History has further shown, in strong numbers, that there is an unacceptable delay and backlog in the adjudication of VA claims, that many claims have been denied despite the existence of positive medical evidence in the veterans’ claims folder, and there are failures on the part of the VARO rating boards to comply with the VA’s statutorily mandated duty to assist.

The VA is statutorily bound by its affirmative duty to assist the veteran in developing his claim, as set forth in the Veterans Claims Assistance Act of 2000, 38 U.S.C. §§ 5103A(b), 5103A(a)(g), 5103 A(a)(1)(2), 5103A(b), 5103A(b)(2), 5103A(d), and subsequent supporting case law. Under this duty to assist, the VA must address all issues presented by the veteran and even issues not specifically raised by the veteran that have come to light during the course of the adjudication of the initial claim and attempt to obtain any and all military service records, military medical records, public or private medical records, buddy statements, unit reports, and morning reports. In essence, the VA must assist the veteran in obtaining the pertinent evidence that will enable the veteran to prove his or her claim. It also must notify the veteran of what evidence is needed to help the veteran substantiate his or her initial claim for compensation and pension.

The affirmative duty to assist issue is also prevalent at the BVA, which is totally staffed by experienced VA lawyers. The issues stated above pertaining to the failures on the part of the VA to comply with its affirmative statutorily mandated duty issues alone, often result in the veteran having to appeal to the CAVC for relief. Therefore, this is further proof that this major flaw and loophole in the Act need to be amended to allow attorneys to be hired at the initial fact-finding stages of the VA claims adjudication process.

The argument behind the opposition by the VSOs to the law as it was originally enacted was to allegedly protect veterans from losing a chunk of their benefits to attorney fees. In reality, the Act had the effect of removing any incentive for skilled legal assistance at the most critical initial stage, which causes significant hardship for veterans who are forced to file pro se and then are condemned to the significant delays that then follow. Veterans have a saying about the way the VA handles veterans claims: “Delay, deny, and wait until they die.” And dying they are, without benefits, due to lack of effective counsel in establishing their claims correctly from the beginning. Routinely, the VA fails to appropriately apply the benefit of the doubt standard in a fair and equitable fashion by rarely applying it in compliance with its abiding moral sanctions and obligations as set forth in statutes, regulations, and case law. The VA is obligated to consider all claims for compensation for pension utilizing a preponderance of the evidence standard. In reality, however, initial claims for compensation or pension brought by veterans acting pro se or with the assistance of veterans service officer who is not legally trained invariably are unjustly rejected by the VA. The VA often utilizes a standard not in compliance with the clear obligations set forth in the benefit of the doubt doctrine.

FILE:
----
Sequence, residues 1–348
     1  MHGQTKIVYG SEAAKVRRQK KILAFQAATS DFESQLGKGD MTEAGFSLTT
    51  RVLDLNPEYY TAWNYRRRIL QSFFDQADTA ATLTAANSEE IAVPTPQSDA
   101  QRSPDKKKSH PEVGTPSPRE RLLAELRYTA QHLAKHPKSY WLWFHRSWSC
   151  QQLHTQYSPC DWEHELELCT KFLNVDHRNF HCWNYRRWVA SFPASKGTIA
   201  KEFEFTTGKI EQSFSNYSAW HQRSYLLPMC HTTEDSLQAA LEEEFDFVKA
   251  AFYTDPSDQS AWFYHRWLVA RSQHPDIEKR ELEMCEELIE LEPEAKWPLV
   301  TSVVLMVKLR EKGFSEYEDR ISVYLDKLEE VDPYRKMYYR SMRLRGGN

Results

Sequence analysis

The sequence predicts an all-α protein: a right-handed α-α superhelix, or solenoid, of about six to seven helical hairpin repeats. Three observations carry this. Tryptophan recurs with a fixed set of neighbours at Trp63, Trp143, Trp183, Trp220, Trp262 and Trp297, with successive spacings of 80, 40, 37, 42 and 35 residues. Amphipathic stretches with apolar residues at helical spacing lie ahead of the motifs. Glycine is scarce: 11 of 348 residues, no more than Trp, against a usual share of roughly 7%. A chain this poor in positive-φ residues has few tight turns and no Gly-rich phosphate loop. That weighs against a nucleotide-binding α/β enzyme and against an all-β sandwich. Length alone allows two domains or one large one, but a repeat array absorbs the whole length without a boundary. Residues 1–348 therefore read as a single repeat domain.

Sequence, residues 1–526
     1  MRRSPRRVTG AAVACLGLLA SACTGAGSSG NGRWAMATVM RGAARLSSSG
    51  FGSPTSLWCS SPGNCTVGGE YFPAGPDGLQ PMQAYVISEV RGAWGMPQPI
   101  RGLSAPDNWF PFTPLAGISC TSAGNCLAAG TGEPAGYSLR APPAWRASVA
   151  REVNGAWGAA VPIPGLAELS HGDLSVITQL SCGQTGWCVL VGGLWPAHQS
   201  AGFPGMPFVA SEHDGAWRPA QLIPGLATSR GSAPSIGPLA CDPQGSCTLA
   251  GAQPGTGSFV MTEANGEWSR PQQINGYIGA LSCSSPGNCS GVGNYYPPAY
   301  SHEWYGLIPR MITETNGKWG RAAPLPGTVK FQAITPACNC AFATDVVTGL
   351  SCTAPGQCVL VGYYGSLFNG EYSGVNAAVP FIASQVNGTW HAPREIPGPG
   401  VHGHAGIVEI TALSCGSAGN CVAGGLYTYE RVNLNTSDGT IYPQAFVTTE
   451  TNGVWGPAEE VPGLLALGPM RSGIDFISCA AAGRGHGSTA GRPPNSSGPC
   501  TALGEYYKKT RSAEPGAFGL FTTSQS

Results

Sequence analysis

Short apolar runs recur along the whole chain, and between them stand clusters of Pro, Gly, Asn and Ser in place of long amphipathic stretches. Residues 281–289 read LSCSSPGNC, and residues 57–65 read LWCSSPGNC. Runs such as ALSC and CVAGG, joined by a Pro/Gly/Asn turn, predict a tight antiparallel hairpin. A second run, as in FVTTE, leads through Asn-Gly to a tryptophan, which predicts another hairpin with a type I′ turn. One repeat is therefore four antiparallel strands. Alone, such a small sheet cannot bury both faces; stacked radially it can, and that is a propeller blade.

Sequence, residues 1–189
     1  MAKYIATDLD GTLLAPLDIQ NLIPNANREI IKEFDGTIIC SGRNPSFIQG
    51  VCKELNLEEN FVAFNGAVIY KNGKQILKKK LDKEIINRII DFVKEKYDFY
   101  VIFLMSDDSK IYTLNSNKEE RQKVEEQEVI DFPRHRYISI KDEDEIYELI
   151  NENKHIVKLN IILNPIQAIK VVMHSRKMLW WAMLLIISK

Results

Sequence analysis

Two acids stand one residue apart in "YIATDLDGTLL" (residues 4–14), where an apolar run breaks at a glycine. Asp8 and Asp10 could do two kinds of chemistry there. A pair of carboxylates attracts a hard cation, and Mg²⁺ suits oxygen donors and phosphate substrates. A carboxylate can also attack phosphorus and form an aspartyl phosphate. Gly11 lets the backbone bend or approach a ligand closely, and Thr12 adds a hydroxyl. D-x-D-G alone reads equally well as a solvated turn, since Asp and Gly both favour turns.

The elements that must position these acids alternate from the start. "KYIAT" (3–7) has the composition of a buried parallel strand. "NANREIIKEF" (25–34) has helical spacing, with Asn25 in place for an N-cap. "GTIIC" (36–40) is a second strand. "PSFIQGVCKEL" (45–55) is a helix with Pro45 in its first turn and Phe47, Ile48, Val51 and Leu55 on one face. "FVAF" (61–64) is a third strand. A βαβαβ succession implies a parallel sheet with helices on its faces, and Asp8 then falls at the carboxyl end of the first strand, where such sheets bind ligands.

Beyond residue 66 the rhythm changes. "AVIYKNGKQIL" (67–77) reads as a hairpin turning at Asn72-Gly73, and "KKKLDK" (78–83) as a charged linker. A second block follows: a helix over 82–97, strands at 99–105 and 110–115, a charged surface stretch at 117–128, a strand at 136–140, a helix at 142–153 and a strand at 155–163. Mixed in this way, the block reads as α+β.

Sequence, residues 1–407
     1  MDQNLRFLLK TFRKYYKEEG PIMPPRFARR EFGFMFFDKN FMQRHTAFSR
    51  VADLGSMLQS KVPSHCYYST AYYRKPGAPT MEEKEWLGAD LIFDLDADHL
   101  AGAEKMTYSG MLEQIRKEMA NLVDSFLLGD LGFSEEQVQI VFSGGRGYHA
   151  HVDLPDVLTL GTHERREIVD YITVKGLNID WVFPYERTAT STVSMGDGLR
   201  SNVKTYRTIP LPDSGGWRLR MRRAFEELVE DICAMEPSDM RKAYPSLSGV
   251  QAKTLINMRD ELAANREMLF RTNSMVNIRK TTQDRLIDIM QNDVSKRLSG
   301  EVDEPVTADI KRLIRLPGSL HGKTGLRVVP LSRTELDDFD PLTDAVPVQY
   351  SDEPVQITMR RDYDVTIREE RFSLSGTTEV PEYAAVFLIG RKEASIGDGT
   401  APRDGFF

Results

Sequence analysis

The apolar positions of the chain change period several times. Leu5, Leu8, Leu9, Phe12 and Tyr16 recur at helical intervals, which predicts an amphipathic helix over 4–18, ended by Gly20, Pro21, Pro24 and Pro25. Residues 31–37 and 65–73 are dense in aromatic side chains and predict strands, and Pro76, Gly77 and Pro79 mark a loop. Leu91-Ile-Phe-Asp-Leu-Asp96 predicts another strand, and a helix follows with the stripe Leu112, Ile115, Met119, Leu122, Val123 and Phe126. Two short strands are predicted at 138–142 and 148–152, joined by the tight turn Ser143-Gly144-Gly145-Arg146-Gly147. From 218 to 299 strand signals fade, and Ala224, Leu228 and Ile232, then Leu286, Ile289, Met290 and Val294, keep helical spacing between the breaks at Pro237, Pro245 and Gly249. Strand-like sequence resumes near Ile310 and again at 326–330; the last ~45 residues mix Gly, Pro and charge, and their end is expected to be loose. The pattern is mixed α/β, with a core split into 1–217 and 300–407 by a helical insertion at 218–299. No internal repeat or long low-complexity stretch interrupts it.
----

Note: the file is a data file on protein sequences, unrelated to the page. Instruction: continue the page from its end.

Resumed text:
Legally, the claimant is not required to demonstrate that he or she should be granted benefits by even a preponderance of the evidence. Rather, the VA can deny the claim only if the preponderance of the evidence is against the claim. If there is an “approximate balance of positive and negative evidence regarding any issue material to the determination of a matter,” the claimant wins and the claim is granted. Gilbert v. Derwinski, 1 Vet. App. 49, 54 (1990). This case construes the requirement in 38 U.S.C. § 5107(b) that where “there is an ‘approximate balance of positive and negative evidence [regarding the merits of an issue material to the determination of the matter], the [claimant] prevails.” In other words, the veteran is given the benefit of the doubt. That is the law. However, despite the obligation on the VA to consider all claims for compensation for pension utilizing a preponderance of the evidence standard, in reality, the VA utilizes a standard not in compliance with the clear obligations set forth in the benefit of the doubt doctrine at both the VARO and BVA levels.

Conclusion

Every aspect involved in the filing of the initial claim for compensation and pension involves interpreting statutes, regulations, and case law. It is best for lawyers to develop this evidence and present the arguments in support of those initial claims. The intent behind laws restricting or barring attorney fees has always been to protect veterans from lawyers claiming a chunk of their benefits. But instead, the laws have had the opposite effect by re-moving any incentive for skilled legal help to become involved with the cases at the most critical stage in the process.